Popular propaganda has claimed for 40 years that Vietnam produced an army of drug addicts, drunks and psychotics. The news media, Hollywood and activist historians used a lot of “anecdotal information” and veteran imposters to push this crap.
B.G. Burkett and Glenna Whitley wrote “Stolen Valor” (Verity Press—ISBN 096670360-X) in 1998. This is an exhaustively researched book that proves Vietnam veterans as a whole statistically had lower rates of desertion and criminal indictment than World War II veterans. It also shows how popular culture created the “Rambo” myth.
The Salon story is just one of the constant smears the news media publishes to diminish the honor of America’s fighting forces and lower the public’s morale in the War on Terror. The media are old hands at this game.
Since the honor, courage and patriotism of our Armed Forces have produced so little fodder for the left to use to damage morale and undermine the war effort salon thought they might make something up. They have no evidence that a problem even exists, but since the drive by has such a problem with substance abuse and sexual deviance, even if the Armed forces have a fraction of the problem then it's major.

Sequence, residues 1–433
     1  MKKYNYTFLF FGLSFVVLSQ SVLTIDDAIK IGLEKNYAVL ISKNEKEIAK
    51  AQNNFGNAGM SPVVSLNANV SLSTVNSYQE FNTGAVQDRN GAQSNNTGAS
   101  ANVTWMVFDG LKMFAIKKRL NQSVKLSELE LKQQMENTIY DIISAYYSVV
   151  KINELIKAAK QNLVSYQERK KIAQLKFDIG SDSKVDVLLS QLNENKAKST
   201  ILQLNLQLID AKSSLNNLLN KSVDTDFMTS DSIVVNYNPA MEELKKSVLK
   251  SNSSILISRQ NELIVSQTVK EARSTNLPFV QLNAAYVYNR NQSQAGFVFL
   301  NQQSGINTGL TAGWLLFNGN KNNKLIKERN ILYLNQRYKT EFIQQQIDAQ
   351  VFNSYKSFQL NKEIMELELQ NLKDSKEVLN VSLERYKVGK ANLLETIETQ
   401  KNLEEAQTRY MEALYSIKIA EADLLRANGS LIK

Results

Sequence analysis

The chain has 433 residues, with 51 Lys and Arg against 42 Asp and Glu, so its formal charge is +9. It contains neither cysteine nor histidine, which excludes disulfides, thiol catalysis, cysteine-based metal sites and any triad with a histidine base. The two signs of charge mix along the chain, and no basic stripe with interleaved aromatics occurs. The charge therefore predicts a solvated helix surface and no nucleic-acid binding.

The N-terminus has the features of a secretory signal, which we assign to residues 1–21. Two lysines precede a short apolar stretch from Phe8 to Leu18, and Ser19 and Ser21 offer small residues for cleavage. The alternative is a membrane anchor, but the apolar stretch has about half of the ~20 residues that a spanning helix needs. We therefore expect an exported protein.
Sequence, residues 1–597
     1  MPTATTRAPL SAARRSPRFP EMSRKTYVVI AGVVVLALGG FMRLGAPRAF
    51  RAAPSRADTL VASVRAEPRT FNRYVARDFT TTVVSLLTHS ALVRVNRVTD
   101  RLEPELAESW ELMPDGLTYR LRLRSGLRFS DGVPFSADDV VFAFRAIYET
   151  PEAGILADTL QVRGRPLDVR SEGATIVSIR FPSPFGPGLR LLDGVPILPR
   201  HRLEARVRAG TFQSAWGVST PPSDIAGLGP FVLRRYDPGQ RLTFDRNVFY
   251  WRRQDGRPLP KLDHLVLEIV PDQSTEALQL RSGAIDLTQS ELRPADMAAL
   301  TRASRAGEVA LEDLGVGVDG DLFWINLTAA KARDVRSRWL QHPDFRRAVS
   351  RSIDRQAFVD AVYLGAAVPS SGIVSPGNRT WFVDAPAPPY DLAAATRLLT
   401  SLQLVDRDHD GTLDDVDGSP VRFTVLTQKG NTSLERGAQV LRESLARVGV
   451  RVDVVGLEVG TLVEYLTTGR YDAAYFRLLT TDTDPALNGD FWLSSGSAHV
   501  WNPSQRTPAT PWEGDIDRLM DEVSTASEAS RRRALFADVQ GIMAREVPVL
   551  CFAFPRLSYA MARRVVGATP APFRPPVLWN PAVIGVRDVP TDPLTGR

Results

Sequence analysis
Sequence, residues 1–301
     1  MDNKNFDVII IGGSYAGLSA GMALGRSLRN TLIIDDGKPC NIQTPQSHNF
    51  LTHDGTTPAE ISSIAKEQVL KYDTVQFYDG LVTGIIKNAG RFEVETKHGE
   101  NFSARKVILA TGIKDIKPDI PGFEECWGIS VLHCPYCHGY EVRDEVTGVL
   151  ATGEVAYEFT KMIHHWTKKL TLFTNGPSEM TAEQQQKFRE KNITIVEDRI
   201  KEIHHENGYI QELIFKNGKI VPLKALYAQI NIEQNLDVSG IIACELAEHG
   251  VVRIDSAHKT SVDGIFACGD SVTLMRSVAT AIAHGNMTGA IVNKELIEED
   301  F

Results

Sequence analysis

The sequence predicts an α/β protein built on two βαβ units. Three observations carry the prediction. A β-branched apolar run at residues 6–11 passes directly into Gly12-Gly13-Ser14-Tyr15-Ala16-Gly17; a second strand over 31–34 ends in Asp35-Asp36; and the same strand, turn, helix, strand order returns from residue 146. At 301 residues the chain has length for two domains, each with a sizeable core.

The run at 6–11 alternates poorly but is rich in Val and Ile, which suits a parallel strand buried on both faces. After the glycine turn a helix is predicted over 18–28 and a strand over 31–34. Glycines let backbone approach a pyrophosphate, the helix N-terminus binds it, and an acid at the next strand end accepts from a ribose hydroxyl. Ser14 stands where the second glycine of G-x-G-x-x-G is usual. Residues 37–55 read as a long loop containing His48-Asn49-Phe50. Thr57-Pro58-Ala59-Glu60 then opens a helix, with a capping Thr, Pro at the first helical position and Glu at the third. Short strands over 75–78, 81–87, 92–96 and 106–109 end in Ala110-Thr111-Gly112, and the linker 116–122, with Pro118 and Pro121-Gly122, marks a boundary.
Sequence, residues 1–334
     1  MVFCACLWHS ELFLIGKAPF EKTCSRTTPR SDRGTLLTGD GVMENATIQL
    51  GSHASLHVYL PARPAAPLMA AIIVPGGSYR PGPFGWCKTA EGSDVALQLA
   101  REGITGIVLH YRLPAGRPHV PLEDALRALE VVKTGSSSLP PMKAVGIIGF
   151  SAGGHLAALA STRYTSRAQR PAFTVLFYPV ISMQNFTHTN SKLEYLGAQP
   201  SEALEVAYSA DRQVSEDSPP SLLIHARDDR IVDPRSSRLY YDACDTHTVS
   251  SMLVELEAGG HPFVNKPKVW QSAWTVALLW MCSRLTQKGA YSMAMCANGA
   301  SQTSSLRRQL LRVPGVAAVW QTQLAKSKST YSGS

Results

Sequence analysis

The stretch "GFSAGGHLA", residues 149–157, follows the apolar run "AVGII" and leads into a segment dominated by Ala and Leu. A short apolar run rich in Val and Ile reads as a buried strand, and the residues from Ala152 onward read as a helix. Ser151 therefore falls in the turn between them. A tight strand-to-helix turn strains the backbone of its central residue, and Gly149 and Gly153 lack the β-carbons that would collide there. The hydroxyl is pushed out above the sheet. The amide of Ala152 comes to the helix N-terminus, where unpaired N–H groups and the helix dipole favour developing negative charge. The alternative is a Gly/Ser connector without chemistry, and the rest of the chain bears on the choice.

The unit I was in was awash in heroin in `70-`71.Heard
2 shots when some bro`s shot a major trying to arrest
them smoking mj.
Yeah,you could get those little vials of scag for about
$2 and put it in your Marlboro and smoke it like normal,
Then there were your hard core that warmed it up.
A wee problem with race relations,yeah.It was scary where
I was.I liked it better out in the field,
I saw first hand only up until mid-68 and only in the 1st Inf Div....the news references about it didn’t begin until long after that.......I’m sure it was available, but it wasn’t popular, so to speak, until later..........geez, when I got drafted in fall of 66 marijuana in the states wasn’t very widely and openly available yet except for places like NYC, SFO, etc. I am absolutely certain I knew more guys in Vn who smoked their first reefer THERE than had ever tried or even had a chance to consider junk. But I do also know that what you say is and was true 2 yrs after my DEROS. By that time the “Woodstock generation” was arriving in Vn.